Although the cat is one of the favorite pets, it does not mean its presence does not pose a health risk. The dangers of cat fur are one of the things to be aware of when making cats as pets. Knowing the dangers and understanding how to properly care for cats, can minimize the risk of cat fur hazards.
Keeping animals, such as cats, is at risk of contracting the disease. Although not the main cause, parasites and disease-causing bacteria can stick to a cat’s fur when the animal plays in a dirty environment. Some groups of people, such as pregnant women and people suffering from autoimmune diseases, are more at risk for the effects of cat fur.
Variety of Side Effects That Can Be Caused
Behind the beautiful appearance of cat fur, there are potential types of diseases that can harm health, such as:
- Cat scratch disease.
In cats, the disease caused by bartonella henselae bacteria does not cause certain symptoms. Generally the bacteria move in humans through scratches or bites, but it is not covered in the possibility that bacteria are also transmitted when you stroke their fur and then wipe the part of your eye using a hand that is already contaminated with bacteria.
At the site of a scratch or bite, a small lump appears within a period of 10 days. The lump is followed by symptoms of nausea, vomiting, fever, chills, fatigue, inflammation, and pain in the lymph nodes. For people who have good endurance, this cat claw disease will not have serious consequences.
But people with immune disorders, such as HIV/AIDS or are in the treatment of chemotherapy due to cancer, this bacteria can lead to more serious conditions.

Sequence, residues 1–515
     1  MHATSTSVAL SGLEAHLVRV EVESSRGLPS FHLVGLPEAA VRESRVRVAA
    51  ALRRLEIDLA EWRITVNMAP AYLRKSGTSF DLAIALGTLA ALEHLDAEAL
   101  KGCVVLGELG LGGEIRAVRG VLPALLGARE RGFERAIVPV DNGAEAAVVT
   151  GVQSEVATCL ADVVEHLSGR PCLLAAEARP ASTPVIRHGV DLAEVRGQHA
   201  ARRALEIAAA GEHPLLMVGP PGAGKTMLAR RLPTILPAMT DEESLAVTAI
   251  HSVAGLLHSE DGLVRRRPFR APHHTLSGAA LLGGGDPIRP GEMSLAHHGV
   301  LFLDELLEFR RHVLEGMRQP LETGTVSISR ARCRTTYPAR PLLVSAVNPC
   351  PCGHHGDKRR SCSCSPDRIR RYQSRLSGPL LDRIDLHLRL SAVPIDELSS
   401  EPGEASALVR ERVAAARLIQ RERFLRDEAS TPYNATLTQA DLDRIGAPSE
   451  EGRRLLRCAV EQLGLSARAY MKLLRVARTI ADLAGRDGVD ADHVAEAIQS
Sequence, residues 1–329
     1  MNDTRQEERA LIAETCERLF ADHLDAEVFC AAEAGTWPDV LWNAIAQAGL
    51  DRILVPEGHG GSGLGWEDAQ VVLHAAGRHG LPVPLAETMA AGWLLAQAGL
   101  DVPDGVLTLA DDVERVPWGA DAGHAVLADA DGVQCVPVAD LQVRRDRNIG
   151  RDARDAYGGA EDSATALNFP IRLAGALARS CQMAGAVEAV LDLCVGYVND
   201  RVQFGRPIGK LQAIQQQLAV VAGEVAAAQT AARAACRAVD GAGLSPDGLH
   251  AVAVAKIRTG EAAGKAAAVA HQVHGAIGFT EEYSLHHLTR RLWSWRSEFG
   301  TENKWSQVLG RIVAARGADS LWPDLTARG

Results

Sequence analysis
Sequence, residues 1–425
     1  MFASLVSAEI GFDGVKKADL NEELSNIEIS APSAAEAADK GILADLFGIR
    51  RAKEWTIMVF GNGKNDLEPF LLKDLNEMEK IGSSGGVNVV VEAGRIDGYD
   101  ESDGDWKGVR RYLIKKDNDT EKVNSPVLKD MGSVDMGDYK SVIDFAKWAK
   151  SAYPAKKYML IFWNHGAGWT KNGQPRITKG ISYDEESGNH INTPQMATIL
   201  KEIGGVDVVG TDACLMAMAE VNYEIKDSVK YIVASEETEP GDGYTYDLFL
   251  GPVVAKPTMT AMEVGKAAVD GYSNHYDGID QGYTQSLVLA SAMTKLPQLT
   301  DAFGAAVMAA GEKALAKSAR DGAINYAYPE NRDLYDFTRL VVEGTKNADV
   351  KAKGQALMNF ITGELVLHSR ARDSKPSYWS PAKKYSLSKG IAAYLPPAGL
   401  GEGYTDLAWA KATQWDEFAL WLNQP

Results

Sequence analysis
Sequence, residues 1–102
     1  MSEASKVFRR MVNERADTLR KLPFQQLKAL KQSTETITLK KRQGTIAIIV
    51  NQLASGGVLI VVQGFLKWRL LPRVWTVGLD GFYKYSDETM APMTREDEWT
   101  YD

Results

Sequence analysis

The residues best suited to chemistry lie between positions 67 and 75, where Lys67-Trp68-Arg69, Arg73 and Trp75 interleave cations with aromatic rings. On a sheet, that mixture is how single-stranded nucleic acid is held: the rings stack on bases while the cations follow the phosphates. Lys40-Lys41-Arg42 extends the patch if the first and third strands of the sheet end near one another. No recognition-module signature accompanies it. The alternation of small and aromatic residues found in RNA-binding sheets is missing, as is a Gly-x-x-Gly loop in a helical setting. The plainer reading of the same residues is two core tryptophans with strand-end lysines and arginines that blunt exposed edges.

Ringworm is a type of fungal infection on the skin, one of which can be transmitted by cats. Transmission can occur when a person caresses a cat.
Toxoplasmosis is caused by a parasite called Toxoplasma gondii found in the feces (feces) of infected cats. About 2-3 weeks after being infected, the cat will secrete parasites on its feces. When a cat licks its fur, it is likely that the parasite will be left on the cat’s fur which can then move on to humans when stroking it.
- Allergic Reactions.
It is not actually the fur of the animal that directly triggers an allergic reaction, but rather the skin flakes, saliva, and urine of the animal. However, when the cat licks itself, its fur will also be exposed to the saliva.
Allergic reactions can usually cause allergic rhinitis that looks like flu symptoms. Some of these reactions include itchy eyes, sneezing, colds, and inflammation of the sinuses. In addition, cat fur can trigger asthma attacks due to allergic reactions.
It is important to maintain the health condition of the pet as well as the cleanliness of yourself after making contact with the animal. Always wash your hands with antibacterial soap after touching your beloved cat, especially before preparing food. Teach your child that too. As another precaution, avoid children’s play sites that may be contaminated with cat faeces.
Always check your cat’s health condition. Infection can be detected with regular visits to the veterinarian. If you or a family member has an allergy to cat fur, but still want to keep it, you are advised to consult an allergy and immunology specialist.
Finally, try to keep your cat clean, including its fur and claws. Cats love to dig the ground with their paws. When that happens, clean her nails using a special shampoo.
Keeping a cat is fun for its fans, but it should still pay attention to the threatening health risks. Further consideration is required especially if you or a family member has a particular health condition. If necessary, consult your doctor or veterinarian before deciding to keep a cat or other pet.